Making the best of what we have

It is most interesting to see just how many sporting organisations have been gaining access to the strip on the former ET Joshua airport in Arnos Vale.

Automobile enthusiasts have been having a field say since the airport has been relocated to Argyle and Vincentians, anxious to see speed, spills and thrills, have been all too eager to become an avid spectator to each of the events.
Cyclists have also become a regular feature on the strip, led of course by Trevor ‘Sailor’ Bailey, president of the Cycling Union. We can no doubt expect to see a few cycling competitions held on the strip sometime soon.
While it is good to see sport getting an opportunity to use the facility at the former ET Joshua Airport, it seems necessary to ask exactly who is responsible for its maintenance. This has been necessitated by the fact that the grass alongside the tarmac is not as well manicured as has hitherto been the case. The type of grass is such that unless it is cut with some regularity there is a tendency for rapid growth that makes it very difficult to cut.
The use of the facility must be accompanied by adequate maintenance.
If we are hosting competitive sport events on the strip then every effort must be made to give the facility an appearance that is attractive and most welcoming.
It may also be prudent to secure temporary bleachers that can be moved around since the comfort of the patrons must be given due consideration.
It does not really matter that the facility is at times a temporary venue. The same requirements are necessary for any sporting venue once it is being used and paying patrons are expected.Optimising what’s available at Arnos Vale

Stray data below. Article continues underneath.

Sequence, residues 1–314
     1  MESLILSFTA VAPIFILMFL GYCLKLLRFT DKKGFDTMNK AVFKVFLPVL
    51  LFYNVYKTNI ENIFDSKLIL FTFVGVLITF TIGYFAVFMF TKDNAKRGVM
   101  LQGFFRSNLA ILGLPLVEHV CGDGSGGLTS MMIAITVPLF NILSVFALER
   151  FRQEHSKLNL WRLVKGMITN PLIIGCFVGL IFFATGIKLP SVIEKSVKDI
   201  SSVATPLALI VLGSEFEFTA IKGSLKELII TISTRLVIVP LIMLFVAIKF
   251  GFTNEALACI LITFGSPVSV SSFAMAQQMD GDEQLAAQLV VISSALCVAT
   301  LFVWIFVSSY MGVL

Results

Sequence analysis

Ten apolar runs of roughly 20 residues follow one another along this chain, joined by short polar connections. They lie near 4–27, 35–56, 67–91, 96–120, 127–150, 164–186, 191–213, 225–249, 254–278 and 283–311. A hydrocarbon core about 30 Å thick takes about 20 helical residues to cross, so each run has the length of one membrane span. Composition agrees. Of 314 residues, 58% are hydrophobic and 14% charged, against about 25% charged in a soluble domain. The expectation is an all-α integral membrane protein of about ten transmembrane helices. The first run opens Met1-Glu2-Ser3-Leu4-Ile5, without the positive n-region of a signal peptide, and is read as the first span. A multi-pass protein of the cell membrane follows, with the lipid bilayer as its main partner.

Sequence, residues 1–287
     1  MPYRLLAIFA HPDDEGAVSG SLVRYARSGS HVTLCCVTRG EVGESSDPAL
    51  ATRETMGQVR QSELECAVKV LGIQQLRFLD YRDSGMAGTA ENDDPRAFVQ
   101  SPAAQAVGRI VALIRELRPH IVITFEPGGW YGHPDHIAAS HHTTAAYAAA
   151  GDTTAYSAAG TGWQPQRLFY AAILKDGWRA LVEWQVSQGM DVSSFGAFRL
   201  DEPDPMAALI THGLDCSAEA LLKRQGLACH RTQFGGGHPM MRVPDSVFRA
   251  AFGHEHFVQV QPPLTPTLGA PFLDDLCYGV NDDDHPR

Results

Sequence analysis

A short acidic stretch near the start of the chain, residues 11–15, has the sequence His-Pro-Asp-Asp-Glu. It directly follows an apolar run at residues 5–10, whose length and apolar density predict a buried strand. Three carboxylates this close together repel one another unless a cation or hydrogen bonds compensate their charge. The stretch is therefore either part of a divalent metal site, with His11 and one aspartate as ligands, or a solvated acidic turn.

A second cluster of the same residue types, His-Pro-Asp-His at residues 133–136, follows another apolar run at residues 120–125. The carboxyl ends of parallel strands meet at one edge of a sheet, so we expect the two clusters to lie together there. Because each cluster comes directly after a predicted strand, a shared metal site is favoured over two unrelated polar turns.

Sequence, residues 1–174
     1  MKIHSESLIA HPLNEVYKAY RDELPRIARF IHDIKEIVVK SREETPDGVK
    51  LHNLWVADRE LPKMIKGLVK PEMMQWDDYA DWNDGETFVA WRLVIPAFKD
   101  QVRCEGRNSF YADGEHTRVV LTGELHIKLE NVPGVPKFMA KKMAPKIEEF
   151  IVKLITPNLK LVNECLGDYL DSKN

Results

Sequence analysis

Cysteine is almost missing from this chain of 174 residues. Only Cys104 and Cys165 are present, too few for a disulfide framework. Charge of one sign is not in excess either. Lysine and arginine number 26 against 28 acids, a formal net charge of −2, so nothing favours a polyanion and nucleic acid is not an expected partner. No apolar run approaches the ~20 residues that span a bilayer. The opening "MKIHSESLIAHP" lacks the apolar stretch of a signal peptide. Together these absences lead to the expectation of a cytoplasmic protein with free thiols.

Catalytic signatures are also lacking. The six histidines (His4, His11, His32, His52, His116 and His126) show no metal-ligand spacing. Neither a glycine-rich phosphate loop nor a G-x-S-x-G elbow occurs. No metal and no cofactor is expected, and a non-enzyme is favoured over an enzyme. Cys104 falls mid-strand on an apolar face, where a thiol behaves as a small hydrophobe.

Most Vincentians are not aware of exactly what the government is doing or planning to do with the real estate that is the old ET Joshua Airport. Several project ideas have made it into the public domain but until such time as the government makes an official pronouncement no one is certain as to what will be located there, when and how expansive.
The strip itself is relatively long and can be used for several activities on any given day. Indeed, different sports can conduct activities at different points along the strip on a specified day.
But what of the old hangar?
Mention has been made of the state of that facility and the possibility that it would require some modifications if it is to be used, at least temporarily, for indoor sports. 
The fact is that Boxing urgently needs somewhere to conduct training. There are several individuals who have an interest in boxing and are willing to train at a facility that is readily available and where the leadership and store its available equipment.
Basketball, Gymnastics, Taekwondo, Karate, Table Tennis and Netball, are all anxious to get an appropriate indoor facility on which to practise and compete.
There exists an opportunity for Vincentian indoor sports to come together and work with the Ministry of Sport, the National Sport Council and the National Olympic Committee to benefit from a facility more consistent with the requirements of their respective international federations.
Temporary or not it is quite possible to have several of the indoor sport meet and plan just how they can utilise the old hangar, with whatever adjustments that are needed, to allow for more consistent training and competition to up the ante on our competitiveness.